Choi H.,Institute of Genetic Science |
Choi H.,Yonsei University |
Lee H.,Institute of Genetic Science |
Lee H.,Yonsei University |
And 14 more authors.
Cell Death and Differentiation | Year: 2014
Mouse 3T3-L1 preadipocytes differentiate into adipocytes when treated with 3-isobutyl-1-methylxanthine, dexamethasone, and insulin. Although mechanisms of adipogenesis, including transcriptional cascades, are understood, it is still unclear how clonally expanded cells eventually enter the terminal differentiation program. From gene expression profile studies, we identified G0/G1 switch gene 2 (G0s2) as a novel regulator of adipogenesis. The gene was found to be expressed at a higher level in white and brown adipose tissues, and it was induced in 3T3-L1 cells by hormonal treatment. Importantly, G0s2 expression was closely associated with the transition from mitotic clonal expansion to terminal differentiation. Knockdown of G0s2 expression with siRNA inhibited adipocyte differentiation, whereas constitutive overexpression of G0s2 accelerated differentiation of preadipocytes to mature adipocytes. Expression of G0s2 was found to be regulated by peroxisome proliferator-activated receptor γ (PPARγ), which is a well-known regulator of adipocyte differentiation. Absence of either PPARγ or G0s2 expression resulted in apoptotic pathway activation before terminal differentiation. To determine whether G0s2 has a role in vivo, G0s2-knockout mice were generated. The knockout mice were normal in appearance, but they had less adipose mass than wild-type littermates. Mouse embryonic fibroblast cells from G0s2-deficient mice exhibited impaired adipogenesis and contained unusually small intracellular lipid droplets, suggesting that G0s2 has a role in lipid droplet formation. Our studies demonstrate that G0s2 has an important role in adipogenesis and accumulation of triacylglycerol. © 2014 Macmillan Publishers Limited All rights reserved.
PubMed | Yonsei University and Institute of Genetic Science
Type: Journal Article | Journal: Journal of lifestyle medicine | Year: 2015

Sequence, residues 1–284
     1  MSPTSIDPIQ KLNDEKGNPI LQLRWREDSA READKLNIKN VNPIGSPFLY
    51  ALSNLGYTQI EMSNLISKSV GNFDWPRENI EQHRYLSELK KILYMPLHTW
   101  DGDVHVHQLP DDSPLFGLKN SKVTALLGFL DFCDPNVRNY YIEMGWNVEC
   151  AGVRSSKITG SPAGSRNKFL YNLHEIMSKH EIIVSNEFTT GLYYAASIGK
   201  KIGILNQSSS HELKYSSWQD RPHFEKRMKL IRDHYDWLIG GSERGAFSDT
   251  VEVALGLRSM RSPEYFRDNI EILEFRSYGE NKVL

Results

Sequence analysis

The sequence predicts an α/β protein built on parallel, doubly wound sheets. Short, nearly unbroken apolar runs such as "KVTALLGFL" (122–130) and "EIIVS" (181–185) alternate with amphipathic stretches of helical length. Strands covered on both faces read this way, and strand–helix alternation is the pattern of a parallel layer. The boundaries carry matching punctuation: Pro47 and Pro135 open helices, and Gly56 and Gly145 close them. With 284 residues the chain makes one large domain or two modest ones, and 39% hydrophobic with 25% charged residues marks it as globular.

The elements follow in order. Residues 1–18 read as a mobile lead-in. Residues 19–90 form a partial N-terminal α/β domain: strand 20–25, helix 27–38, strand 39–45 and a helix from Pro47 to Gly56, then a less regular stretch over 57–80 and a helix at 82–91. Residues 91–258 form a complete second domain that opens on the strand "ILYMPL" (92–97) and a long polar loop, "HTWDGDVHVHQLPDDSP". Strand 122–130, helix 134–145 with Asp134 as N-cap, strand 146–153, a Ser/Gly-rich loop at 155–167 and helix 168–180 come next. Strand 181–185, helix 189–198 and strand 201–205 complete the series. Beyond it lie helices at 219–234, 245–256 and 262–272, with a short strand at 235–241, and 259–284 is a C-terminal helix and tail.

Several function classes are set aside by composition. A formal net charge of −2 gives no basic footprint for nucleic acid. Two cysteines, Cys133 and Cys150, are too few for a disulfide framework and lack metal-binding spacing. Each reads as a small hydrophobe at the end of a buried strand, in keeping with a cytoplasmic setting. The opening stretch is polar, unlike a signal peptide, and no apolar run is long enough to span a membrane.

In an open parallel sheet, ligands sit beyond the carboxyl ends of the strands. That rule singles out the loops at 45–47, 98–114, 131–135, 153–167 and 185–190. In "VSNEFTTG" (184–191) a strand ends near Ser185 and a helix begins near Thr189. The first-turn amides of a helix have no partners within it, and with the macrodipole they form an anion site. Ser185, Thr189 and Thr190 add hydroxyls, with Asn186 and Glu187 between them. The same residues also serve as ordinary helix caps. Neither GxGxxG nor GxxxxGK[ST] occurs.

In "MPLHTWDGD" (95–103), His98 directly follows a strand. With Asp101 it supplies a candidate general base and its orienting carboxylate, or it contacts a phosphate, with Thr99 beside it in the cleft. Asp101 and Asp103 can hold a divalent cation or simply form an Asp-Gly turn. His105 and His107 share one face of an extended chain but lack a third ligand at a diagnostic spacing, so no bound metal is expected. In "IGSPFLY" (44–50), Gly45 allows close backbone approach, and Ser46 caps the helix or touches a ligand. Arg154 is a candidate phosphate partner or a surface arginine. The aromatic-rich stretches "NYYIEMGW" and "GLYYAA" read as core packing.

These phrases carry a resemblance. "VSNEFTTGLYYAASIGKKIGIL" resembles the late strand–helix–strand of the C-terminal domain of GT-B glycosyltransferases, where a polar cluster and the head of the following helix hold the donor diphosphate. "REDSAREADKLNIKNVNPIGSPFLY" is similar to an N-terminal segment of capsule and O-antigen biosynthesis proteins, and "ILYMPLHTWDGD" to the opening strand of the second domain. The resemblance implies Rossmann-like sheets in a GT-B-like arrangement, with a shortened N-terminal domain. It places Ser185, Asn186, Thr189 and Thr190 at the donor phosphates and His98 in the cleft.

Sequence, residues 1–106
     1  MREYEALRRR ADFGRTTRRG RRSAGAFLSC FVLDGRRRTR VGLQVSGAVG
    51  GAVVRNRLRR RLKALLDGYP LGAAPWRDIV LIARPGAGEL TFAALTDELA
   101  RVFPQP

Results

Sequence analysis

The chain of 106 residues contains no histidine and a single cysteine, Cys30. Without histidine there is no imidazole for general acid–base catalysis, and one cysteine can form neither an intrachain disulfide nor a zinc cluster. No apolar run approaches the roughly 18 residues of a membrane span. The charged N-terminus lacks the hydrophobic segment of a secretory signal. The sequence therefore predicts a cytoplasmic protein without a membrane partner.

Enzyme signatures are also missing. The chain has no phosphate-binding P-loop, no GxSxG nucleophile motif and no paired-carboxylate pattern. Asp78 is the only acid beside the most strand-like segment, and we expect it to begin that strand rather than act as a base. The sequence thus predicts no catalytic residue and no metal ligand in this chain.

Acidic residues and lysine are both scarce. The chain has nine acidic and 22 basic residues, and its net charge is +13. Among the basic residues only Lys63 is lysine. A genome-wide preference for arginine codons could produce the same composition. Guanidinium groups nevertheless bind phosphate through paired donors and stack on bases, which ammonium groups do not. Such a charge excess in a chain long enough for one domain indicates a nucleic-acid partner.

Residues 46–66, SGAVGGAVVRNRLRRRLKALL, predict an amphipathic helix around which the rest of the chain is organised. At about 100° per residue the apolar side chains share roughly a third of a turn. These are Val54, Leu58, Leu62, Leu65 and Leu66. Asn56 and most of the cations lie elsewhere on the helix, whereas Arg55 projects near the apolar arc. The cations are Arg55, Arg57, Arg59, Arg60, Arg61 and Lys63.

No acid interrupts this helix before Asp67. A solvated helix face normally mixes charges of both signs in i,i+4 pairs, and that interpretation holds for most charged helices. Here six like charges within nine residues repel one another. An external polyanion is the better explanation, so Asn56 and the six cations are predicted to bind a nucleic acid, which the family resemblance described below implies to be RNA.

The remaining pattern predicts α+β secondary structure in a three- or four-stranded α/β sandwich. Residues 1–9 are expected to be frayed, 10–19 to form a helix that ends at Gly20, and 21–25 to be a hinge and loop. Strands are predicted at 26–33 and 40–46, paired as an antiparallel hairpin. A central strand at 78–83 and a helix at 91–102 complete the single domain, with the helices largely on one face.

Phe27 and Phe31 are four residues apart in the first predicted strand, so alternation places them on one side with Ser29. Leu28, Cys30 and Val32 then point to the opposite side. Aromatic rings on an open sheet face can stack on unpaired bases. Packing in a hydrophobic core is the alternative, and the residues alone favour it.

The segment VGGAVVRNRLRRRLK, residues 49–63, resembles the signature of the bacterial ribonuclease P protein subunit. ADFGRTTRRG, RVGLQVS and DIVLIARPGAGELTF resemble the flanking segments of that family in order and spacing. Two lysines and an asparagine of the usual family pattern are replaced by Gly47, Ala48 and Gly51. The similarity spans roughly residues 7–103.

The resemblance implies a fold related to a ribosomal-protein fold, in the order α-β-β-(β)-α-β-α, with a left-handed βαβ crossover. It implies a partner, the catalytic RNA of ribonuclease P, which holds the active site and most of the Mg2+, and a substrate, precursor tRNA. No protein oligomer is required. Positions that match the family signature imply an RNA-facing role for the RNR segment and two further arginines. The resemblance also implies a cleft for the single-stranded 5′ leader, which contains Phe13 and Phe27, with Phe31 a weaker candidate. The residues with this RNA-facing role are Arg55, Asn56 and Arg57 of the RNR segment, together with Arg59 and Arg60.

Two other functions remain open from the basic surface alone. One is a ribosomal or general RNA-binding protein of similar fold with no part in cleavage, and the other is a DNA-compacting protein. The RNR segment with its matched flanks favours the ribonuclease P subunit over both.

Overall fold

Insulin resistance is a major factor in the development of metabolic syndrome and is associated with central obesity and glucose intolerance. Resveratrol, a polyphenol found in fruits, has been shown to improve metabolic conditions. Although it has been widely studied how resveratrol affects metabolism, little is known about how resveratrol regulates lipogenesis with insulin signaling in 3T3-L1 adipocytes.We treated differentiated 3T3-L1 adipocytes with resveratrol to observe whether resveratrol is effective at reducing lipid accumulation.Resveratrol treatment after mitotic clonal expansion resulted in decreased lipid accumulation accompanied by reduced fatty acid synthase expression. Decreased glucose uptake was observed with inhibited GLUT4 translocation in cells treated with 100 M resveratrol, suggesting that high doses of resveratrol block insulin signaling in adipocytes. Insulin-stimulated Akt phosphorylation is also dose-dependently reduced with resveratrol treatment. Interestingly, Akt phosphorylation is upregulated when cells are treated with long-term low doses of resveratrol, suggesting that only low doses of resveratrol improve metabolic conditions.High doses of resveratrol block the insulin signaling pathway, thereby reducing glucose uptake and lipid accumulation in vitro. The results also provide information about in vivo administration dosages and may explain the discrepancy between in vitro and in vivo effects of resveratrol.